“The shit that was on this spoon...” — a very loud patron with a goatee, having lost his train of thought after taking a bite of the aforementioned fatty tuna. His companion jumped in to help complete the sentence: “It was stupid good.” The spoon contained a light mash of toro with sea urchin. It tasted like a soft porridge of the ocean.
“We’re going to get high together” — the chef, who smokes a bite of salmon in front of you with some rosemary and possibly, ahem, something else. The acrid haze that fills the room doesn’t smell like something one would want to eat, but the sweet-salty tamarind sauce and shallots — a loose riff on miang kam leaf wraps — saves the dish.
“Hey, Serpico, stop trying to steal my girl” — the guy with the goatee again, shouting across the counter while I was talking to a digital producer for a daytime talk show, who was celebrating a milestone birthday with her family.
“Is anyone driving tonight?” — the chefs, after announcing the all-you-can-drink sake policy. Everyone shakes their heads, including a guy from Long Island who later admitted he downed at least 10 shots by the time dinner was over.
“Boss” — the inscription on a cup that one of the chefs is drinking from. It is filled with Budweiser.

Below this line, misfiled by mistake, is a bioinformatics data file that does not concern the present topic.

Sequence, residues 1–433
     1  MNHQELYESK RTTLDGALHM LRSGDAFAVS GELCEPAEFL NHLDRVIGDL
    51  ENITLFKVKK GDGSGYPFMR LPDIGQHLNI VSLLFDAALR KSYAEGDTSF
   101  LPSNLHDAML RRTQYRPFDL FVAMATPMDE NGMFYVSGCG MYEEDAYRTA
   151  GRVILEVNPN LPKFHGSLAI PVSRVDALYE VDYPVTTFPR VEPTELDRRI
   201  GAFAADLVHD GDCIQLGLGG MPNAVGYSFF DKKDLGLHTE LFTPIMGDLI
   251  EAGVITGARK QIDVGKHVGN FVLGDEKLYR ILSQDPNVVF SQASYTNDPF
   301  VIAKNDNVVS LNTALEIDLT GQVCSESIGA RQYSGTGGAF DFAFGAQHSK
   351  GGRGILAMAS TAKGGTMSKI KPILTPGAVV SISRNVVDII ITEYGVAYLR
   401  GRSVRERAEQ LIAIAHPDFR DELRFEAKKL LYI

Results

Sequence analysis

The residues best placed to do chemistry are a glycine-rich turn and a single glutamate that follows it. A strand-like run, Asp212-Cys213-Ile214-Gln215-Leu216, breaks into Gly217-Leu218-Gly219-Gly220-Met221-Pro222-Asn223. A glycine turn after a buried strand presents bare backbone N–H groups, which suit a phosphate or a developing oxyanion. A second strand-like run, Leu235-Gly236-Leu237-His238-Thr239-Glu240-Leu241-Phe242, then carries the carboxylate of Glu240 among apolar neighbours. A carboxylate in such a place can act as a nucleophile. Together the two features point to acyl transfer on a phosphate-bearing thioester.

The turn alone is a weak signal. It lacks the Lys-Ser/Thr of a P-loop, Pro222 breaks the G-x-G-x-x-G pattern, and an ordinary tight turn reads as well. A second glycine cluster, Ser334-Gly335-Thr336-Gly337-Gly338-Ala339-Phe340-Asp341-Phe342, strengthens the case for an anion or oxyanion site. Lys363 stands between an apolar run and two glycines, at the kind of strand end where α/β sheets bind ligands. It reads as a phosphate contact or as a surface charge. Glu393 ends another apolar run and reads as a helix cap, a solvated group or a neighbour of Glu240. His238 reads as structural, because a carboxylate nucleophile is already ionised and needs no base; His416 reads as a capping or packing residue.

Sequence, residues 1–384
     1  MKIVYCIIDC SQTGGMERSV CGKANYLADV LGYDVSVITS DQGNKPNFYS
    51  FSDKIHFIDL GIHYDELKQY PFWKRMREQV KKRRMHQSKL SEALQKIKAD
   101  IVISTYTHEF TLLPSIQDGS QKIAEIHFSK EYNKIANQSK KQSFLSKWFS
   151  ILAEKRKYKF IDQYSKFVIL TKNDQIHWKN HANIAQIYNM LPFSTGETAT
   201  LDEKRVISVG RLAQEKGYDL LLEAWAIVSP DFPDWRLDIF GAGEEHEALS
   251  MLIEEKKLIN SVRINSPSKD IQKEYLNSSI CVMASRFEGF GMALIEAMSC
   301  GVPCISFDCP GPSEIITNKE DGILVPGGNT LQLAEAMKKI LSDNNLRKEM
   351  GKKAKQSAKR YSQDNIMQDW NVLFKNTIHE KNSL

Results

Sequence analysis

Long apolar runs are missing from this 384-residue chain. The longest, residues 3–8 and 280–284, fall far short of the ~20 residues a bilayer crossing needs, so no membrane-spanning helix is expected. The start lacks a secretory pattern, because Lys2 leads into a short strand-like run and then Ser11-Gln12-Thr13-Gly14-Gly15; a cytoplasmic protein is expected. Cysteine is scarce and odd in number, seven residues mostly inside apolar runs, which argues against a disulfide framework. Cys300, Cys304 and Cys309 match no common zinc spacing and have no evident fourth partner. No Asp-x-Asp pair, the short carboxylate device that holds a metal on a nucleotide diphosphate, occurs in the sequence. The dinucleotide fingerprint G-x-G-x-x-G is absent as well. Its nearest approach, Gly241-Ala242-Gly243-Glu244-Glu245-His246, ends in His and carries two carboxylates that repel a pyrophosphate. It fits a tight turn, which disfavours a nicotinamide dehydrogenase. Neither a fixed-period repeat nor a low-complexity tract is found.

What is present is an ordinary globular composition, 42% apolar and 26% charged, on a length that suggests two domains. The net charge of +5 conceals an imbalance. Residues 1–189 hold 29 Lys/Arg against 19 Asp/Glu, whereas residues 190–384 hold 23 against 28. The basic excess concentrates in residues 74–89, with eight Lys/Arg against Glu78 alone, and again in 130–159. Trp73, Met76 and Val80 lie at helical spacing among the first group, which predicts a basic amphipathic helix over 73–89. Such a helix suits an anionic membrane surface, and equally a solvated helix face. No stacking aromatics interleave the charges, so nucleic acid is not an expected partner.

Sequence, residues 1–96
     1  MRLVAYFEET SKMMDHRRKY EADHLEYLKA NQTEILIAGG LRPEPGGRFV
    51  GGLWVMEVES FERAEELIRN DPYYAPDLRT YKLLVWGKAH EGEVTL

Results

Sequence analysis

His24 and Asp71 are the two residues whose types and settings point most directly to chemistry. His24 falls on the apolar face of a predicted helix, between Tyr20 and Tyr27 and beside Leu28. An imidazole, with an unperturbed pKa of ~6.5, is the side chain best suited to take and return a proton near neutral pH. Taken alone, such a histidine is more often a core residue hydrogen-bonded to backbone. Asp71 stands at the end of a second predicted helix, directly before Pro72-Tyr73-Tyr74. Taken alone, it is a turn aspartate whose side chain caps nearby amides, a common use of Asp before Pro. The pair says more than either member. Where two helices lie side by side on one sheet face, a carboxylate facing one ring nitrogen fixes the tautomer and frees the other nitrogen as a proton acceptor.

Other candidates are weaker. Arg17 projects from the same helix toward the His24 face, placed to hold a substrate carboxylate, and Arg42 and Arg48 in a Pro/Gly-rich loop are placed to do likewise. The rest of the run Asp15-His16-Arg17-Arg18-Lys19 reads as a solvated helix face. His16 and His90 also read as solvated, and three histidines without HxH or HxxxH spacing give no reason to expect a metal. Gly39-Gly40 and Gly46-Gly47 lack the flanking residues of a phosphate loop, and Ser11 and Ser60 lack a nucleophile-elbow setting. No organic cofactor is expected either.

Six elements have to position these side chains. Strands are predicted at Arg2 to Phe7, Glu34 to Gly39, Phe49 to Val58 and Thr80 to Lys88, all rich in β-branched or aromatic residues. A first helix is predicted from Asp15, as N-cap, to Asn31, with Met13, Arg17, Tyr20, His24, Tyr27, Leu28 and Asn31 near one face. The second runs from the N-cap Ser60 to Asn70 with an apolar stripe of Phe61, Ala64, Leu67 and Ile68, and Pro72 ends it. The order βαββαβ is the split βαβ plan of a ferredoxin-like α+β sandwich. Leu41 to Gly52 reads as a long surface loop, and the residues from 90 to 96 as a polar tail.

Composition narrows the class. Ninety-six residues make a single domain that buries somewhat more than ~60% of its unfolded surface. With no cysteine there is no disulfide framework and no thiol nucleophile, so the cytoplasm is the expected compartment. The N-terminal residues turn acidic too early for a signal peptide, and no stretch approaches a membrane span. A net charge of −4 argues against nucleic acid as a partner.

“Our motto is drink first, eat later” — the chef, effectively doing away with the conventional wisdom that one should eat sushi, especially handrolls, mere seconds after the kitchen prepares it. The inevitable result is mildly soggy nori wraps, and quite frankly that’s okay.
If New York’s more regal sushi dens are rigid institutions where well-heeled patrons come to pray to bluefin toro — and flaunt their connoisseurship in ways that can range from benign to obnoxious — Sushi on Me is a vibrant speakeasy, a de facto private event in a wood-paneled Queens basement for a dozen people at a time. There are four seatings per night, seven nights a week. Every patron eats at the long bar. Dinner begins with a few sashimi courses and finishes with 12 pieces of nigiri, served one at a time. Roughly one hour after your meal begins, you pay the bill and make room for the next group.